Teachers at one of the nation's leading public high schools this week ended a 24-day refusal to write college recommendations, which had jeopardized the applications of students applying early action to Ivy League schools.
Under "a veiled ultimatum" from Frank J. Macchiarola, chancellor of New York City schools, the teachers at Stuyvesant High School voted over-whelmingly to end the boycott, Frank McCort, a teacher who voted against ending the boycott, said yesterday.
The boycotting teachers were seeking more time during the school day to write the letters, arguing that some teachers had to write as many as forty letters, which cut into their evenings and weekends, Rlene Dahlberg, an English teacher, said yesterday.
Stuyvesant leads the nation with 53 National Merit Scholarship semi-finalists, and sent 26 graduates to Harvard this year.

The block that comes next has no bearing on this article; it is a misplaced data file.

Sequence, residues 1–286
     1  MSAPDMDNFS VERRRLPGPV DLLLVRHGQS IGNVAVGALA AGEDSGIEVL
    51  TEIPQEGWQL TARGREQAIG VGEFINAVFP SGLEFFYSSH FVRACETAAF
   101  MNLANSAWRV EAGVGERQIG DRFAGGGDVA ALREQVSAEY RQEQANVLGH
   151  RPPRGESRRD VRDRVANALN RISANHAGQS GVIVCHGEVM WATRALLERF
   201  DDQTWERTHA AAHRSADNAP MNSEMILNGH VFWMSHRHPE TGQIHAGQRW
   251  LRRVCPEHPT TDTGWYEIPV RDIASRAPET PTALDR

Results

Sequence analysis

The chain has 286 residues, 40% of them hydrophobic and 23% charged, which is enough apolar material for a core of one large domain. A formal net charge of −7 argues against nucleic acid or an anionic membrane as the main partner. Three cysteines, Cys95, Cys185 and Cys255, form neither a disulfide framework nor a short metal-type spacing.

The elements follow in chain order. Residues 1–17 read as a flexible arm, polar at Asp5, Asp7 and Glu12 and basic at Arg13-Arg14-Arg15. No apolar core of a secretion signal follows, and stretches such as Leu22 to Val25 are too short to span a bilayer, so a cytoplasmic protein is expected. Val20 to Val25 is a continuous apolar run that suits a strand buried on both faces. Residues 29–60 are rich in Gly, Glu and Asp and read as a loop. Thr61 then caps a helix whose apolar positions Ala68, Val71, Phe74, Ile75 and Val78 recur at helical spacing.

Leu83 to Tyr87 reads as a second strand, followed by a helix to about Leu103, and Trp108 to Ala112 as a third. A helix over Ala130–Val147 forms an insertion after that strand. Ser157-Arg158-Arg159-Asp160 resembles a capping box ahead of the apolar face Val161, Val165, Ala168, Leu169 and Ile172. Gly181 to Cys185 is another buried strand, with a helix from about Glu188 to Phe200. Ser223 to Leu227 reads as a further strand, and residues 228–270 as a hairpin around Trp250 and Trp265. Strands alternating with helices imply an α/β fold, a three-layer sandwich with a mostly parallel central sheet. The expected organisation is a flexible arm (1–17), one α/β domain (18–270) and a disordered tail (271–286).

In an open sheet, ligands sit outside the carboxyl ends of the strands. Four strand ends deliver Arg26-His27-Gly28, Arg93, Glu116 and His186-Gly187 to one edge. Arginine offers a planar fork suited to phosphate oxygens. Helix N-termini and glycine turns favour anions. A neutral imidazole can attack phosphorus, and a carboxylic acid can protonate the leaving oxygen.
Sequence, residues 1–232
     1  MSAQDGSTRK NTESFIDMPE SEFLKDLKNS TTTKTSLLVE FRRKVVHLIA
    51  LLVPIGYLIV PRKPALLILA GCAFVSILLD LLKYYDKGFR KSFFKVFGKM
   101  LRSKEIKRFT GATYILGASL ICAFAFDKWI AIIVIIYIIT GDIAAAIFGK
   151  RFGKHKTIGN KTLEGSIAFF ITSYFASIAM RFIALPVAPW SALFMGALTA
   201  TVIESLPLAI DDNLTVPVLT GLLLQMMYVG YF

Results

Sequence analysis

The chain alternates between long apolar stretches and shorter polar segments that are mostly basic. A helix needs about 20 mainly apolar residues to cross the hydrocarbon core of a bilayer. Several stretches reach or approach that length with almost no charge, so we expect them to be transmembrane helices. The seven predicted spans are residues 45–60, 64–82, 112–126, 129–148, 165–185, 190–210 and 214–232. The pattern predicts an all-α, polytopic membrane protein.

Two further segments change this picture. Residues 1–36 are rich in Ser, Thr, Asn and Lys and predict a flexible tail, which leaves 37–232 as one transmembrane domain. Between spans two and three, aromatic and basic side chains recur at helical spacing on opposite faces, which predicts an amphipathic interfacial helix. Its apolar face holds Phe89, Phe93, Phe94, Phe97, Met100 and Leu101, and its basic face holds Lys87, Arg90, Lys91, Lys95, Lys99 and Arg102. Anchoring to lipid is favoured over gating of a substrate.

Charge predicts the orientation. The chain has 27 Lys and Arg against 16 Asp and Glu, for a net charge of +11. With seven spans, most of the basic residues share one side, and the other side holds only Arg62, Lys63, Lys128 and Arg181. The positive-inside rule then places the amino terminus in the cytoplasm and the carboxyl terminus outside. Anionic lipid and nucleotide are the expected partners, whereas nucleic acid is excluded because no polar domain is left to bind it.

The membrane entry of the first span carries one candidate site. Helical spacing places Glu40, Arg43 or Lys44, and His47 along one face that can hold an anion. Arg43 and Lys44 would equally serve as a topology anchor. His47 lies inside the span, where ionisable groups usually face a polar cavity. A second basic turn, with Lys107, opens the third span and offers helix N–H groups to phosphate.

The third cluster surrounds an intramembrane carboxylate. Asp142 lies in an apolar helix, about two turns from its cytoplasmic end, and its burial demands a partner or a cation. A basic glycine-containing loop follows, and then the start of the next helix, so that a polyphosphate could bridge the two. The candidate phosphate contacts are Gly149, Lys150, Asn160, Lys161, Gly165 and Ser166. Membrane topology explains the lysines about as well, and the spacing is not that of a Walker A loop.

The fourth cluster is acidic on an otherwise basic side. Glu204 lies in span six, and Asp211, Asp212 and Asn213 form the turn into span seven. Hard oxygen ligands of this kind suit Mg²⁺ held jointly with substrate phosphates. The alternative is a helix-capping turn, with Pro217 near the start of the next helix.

In a letter to the teachers Macchiarola said he "expected all teachers to meet their obligations" and would take disciplinary action if the teachers refused.
There was talk of "considering the boycott an act of insubordination" and threatening the teachers with transfers to other schools, Dalhberg said.
Gaspar R. Fabbricante, principal of the Manhattan school, on Monday proposed to alleviate the situation by distributing teachers' letter-writing workloads more evenly and asking students to enter a lottery system to determine which teacher would write their recommendations.
But before the teachers' union acted on the proposal, the chancellor "ran out of patience and decided to knock down" the package of concessions, Fabbricante said.
William R. Fitzsimmons '67, acting dean of admissions and financial aid at Harvard, said yesterday he is "greatly relieved" that the boycott has ended, adding that early action candidates could not have been considered with incomplete applications.
Although most of the teachers at Stuyvesant yielded to the chancellor's ultimatum, some may still refuse to write letters. "The union vote was rammed down our throat in a squeeze play and I will not be coerced to write recommendations," McCort said.
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